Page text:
Identify Learning Styles
A quick quiz can help you find your strongest learning style
If you’re working extremely closely with someone (like a direct team member or manager), consider identifying their learning style as well. The way people absorb information is closely tied to the way they work; plus, you can use this to avoid misinterpretation and miscommunication.
According to Howard Gardner, a Professor of Education at Harvard University, there are seven (or more) basic types of intelligence. His Multiple Intelligences Theory states, “the mind is better described as consisting of eight or nine relatively separate faculties.”
While every person has every type of intelligence, they’re usually stronger in one or two and weaker in the others. Unsurprisingly, it’s easiest for them to learn in a way that reflects their primary intelligence.
Here are the seven types of learning styles:
It’s usually easiest to identify your coworker’s primary intelligence by asking them. Shoot them an email with a link to this test and pay attention to the words he or she uses.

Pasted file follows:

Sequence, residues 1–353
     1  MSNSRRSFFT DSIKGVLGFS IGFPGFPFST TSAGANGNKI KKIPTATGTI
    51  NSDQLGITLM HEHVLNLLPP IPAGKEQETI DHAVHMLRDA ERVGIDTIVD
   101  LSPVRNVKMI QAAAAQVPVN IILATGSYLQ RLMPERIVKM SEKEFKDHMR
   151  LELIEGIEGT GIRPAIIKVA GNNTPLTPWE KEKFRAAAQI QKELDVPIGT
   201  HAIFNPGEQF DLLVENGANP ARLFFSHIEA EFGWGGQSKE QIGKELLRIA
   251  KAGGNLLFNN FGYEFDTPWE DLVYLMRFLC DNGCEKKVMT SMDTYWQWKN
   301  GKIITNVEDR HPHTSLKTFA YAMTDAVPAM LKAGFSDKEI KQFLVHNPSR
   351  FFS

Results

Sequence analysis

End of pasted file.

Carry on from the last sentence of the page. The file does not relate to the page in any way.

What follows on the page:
For instance, if you say, “Could I please get your feedback on my lead gen ideas?”: Of course, a single answer can’t tell you what their primary intelligence is—but if you keep track over time, you should notice a trend.
It’s also helpful to observe how they naturally communicate.
•Do they default to drawing on a whiteboard or sending you screenshots and screencasts? They’re probably a visual thinker.
•Do they use their hands and physical objects to explain their ideas? They’re probably a kinesthetic thinker.
•Do they send you detailed emails, write reports, and give presentations? They’re probably a linguistic thinker.
•Do they spontaneously come up with jingles or raps during conversations? They’re probably a musical thinker.
•Are they reflective, calm, and the go-to person in a crisis? They’re probably an intrapersonal thinker.
•Are they charismatic, universally well-liked, and a natural leader? They’re probably an interpersonal thinker.
•Are they one of the first to spot a pattern or discrepancy in the data? They’re probably a logical-mathematical thinker.
Once you’ve figured out which category your colleague fits into, tailor your communication method appropriately. Let’s say your boss is a linguistic thinker. Instead of sending her your monthly report in a Powerpoint deck, like you usually do, consider sending a straightforward text document.